New or used? Trying to save $$? Channel 11 gets you answers on buying a car during the chip shortage

PITTSBURGH — The car industry is very difficult to navigate right now. You may be debating between a new or used car and how to get the best price. So we went to the experts to get you answers.

“I’ve already put in all this time and I’ve ordered this truck,” said Christopher Weck, who owns a small business. “I just don’t know, like, what if I buy something else and then this thing becomes available?”

Christopher Weck has played the waiting game for months. He ordered a Ford Bronco similar to this one to help with his small business, but it’s still not built. Christopher owns a candy store in Pittsburgh and his car isn’t cutting it. He needs more room for hauling supplies to special events.

“I had to make multiple trips just to get things back and forth,” said Weck.

Like the rest of the country, Christopher is caught up in the unprecedented computer chip shortage that’s plaguing the auto industry, two years into the pandemic.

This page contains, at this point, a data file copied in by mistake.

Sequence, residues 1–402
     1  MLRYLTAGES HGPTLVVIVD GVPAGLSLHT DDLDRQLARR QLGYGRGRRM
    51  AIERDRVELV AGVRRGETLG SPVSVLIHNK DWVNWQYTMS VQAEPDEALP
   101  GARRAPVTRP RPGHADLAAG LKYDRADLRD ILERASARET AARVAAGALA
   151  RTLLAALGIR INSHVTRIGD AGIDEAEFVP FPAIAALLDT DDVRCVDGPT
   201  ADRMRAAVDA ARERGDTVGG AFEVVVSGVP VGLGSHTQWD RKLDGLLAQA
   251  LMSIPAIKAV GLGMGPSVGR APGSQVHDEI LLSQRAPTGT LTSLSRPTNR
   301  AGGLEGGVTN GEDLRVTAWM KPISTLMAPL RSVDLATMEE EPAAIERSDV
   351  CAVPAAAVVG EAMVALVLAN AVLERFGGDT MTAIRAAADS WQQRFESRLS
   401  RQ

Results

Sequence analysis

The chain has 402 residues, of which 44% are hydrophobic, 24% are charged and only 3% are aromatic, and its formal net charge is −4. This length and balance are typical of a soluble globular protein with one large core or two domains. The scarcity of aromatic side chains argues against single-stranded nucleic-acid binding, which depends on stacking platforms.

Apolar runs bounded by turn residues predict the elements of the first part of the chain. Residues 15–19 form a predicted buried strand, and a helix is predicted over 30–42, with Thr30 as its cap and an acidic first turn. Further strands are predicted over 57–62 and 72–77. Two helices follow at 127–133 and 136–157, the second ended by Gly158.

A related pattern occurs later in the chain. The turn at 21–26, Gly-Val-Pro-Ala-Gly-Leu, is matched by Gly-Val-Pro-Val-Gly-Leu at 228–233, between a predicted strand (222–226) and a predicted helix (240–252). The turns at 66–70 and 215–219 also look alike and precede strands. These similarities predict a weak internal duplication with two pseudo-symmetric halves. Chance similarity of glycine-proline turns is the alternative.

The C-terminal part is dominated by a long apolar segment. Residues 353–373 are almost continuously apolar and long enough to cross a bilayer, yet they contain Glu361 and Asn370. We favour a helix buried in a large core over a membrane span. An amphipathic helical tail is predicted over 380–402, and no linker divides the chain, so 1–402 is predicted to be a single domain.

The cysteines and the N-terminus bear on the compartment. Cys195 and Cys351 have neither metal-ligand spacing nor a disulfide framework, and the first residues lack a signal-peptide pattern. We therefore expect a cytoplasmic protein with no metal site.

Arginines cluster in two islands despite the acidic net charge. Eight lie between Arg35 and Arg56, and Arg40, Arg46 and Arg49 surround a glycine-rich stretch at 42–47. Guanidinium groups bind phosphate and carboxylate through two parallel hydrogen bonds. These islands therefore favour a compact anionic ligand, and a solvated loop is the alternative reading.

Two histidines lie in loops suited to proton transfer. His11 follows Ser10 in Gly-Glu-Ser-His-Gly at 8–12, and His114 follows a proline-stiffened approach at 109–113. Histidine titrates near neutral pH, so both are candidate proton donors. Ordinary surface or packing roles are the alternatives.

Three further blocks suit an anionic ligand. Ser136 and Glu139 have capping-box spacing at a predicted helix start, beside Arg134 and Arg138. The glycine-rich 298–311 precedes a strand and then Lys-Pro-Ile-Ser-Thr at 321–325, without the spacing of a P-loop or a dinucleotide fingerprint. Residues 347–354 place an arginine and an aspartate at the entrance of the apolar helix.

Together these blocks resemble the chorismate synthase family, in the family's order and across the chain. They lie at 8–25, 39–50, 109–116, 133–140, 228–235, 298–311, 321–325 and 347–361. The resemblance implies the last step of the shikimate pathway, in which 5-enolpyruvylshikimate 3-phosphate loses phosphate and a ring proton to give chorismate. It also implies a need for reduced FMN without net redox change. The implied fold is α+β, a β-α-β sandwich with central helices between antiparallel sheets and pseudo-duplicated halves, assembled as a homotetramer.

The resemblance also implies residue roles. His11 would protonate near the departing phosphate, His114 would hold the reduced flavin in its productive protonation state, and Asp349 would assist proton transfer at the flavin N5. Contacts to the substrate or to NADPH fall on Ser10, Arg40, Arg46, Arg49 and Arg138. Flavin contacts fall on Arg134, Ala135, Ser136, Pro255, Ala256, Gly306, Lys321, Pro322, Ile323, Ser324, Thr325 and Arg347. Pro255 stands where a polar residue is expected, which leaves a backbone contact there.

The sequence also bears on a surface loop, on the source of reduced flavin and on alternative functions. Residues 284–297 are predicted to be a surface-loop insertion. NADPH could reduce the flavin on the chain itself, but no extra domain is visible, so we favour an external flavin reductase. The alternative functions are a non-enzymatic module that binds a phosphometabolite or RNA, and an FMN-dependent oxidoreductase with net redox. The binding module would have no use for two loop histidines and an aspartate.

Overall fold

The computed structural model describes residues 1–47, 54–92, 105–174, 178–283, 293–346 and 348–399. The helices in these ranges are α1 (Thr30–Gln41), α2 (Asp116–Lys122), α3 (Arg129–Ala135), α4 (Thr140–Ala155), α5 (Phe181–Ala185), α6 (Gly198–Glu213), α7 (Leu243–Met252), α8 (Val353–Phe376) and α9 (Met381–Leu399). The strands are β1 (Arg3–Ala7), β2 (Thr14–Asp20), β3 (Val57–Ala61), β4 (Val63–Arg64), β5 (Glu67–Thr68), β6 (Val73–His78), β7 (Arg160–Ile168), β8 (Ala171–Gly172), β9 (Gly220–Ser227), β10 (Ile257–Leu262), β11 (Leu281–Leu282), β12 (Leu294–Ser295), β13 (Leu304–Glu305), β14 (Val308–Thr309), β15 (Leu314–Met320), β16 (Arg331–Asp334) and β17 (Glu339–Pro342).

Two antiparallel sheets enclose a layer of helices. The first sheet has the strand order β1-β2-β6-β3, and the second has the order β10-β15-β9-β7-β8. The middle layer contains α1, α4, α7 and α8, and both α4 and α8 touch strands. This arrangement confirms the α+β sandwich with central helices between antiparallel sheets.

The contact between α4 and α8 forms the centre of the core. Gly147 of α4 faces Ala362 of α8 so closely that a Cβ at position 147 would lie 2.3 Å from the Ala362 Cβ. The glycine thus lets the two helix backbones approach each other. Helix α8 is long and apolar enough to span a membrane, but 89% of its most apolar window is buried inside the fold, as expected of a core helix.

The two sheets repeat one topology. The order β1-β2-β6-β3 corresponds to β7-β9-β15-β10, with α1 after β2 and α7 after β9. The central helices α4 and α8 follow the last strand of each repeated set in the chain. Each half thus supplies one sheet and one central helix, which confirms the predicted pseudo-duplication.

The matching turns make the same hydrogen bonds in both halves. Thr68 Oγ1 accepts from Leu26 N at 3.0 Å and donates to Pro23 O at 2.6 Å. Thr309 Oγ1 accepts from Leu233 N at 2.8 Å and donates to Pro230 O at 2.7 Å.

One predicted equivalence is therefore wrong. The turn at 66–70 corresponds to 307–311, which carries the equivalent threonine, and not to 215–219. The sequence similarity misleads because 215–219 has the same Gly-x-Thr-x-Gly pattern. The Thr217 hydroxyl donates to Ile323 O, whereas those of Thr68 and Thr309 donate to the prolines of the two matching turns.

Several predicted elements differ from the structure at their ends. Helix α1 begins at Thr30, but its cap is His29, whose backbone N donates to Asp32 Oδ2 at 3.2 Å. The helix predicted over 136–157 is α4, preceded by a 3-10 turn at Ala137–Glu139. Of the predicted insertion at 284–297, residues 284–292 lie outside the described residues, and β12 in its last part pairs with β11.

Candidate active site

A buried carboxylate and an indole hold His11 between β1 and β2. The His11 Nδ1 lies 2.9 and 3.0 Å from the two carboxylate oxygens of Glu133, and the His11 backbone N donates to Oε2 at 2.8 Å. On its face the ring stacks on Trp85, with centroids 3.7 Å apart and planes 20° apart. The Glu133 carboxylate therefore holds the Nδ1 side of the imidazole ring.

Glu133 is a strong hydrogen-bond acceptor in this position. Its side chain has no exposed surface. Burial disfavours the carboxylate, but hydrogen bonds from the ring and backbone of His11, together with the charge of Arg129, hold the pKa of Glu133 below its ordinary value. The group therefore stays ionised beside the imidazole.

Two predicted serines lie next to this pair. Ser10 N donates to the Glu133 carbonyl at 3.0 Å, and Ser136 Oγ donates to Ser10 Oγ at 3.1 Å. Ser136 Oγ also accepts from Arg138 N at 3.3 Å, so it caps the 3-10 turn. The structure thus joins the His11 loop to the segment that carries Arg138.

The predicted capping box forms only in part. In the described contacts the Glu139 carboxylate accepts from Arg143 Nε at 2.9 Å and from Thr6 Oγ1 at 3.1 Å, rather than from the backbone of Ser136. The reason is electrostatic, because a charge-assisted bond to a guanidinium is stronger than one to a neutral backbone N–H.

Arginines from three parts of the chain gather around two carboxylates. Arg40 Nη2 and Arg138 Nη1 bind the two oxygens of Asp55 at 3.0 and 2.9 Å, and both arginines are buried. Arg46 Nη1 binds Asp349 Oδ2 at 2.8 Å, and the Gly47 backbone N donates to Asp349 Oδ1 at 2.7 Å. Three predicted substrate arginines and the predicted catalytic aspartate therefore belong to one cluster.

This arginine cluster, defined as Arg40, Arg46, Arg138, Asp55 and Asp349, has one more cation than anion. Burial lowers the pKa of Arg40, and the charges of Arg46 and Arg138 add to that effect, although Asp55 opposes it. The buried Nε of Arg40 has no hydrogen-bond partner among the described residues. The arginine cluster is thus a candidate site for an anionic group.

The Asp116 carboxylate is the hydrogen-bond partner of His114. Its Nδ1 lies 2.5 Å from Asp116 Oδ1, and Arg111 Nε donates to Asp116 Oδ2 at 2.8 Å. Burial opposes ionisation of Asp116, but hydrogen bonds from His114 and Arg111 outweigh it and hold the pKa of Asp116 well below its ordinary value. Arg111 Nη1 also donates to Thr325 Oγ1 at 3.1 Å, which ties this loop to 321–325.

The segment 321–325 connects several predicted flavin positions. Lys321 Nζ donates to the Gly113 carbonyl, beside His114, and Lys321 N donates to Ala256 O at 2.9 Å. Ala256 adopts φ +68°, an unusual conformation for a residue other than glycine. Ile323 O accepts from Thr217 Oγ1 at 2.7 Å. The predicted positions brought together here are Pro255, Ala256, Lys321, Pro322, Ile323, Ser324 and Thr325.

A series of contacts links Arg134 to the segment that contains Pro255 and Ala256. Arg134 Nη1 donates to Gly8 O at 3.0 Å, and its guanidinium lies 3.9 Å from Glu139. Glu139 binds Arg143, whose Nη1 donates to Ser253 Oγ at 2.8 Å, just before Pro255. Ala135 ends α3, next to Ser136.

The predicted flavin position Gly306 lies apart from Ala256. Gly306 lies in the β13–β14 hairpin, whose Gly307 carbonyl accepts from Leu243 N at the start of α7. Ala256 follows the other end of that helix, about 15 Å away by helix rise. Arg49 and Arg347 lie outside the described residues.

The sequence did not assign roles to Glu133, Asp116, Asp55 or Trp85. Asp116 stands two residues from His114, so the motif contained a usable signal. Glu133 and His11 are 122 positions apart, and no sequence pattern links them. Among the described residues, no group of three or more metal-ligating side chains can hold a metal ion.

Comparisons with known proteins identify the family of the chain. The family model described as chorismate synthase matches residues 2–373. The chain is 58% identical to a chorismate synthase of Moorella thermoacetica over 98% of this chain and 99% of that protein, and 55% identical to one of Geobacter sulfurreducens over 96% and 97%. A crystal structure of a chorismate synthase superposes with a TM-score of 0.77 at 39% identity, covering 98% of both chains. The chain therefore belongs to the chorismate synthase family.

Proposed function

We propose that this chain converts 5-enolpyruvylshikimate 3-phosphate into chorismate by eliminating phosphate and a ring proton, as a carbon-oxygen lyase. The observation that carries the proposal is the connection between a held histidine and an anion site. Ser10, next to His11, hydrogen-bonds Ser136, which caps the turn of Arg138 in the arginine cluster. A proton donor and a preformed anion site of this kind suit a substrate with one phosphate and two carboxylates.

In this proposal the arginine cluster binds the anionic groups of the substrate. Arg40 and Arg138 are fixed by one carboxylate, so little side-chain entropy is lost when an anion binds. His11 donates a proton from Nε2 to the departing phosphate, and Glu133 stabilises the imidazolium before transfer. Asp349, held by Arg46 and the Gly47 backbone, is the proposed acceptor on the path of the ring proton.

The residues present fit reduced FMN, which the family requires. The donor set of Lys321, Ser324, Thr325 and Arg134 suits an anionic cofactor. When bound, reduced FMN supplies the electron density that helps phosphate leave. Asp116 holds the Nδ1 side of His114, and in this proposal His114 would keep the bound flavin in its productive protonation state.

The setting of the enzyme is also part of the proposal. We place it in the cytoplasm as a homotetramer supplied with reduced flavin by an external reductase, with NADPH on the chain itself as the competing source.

“I think every dealership was hoping that this would have gotten better by the beginning of the year,” said Luke Kim, general manager of Mike Kelly Automotive in Butler.

Kim said that it doesn’t mean you’re out of luck for a new vehicle. However, Kim says be careful, as some dealers are starting to charge you thousands of dollars above a new vehicle’s sticker price – something he doesn’t think is fair. But what could end up saving you thousands of dollars is your trade-in.

“We’re absolutely looking for inventory, yes,” said Kim. “There have been some amazing deals that customers are able to get right now, because of the values of their vehicles.”

So what if you’re shopping for a used car? I sat down with Emilie Voss of CARFAX, who broke down pricing for a used vehicle here in Pittsburgh. A used sedan in 2020 that cost you $15,300 now costs you $20,300. And a used SUV in 2020 that cost $19,500 is now $28,000. But doing your homework can help in negotiations.

“You want to know what that vehicle has been through,” said Voss.

She said CARFAX Accident Reports can tell you the extent of an accident and if it’s minor, you could shave about $400 off the price tag. In the end, she said, it’s all about patience, a lesson Christopher and his small business have already learned.

“I just keep hoping that eventually it’s gonna come through,” Weck said. “Until then I just tough it out and just filling up the back seat, the front seat and everything I can in the trunk.”

I also asked Luke if people were starting to trade in their SUVs for cars, because of the high gas prices. He said not yet.  He said Pittsburgers still want all-wheel drive, but if gas prices get above $5, he says that could change.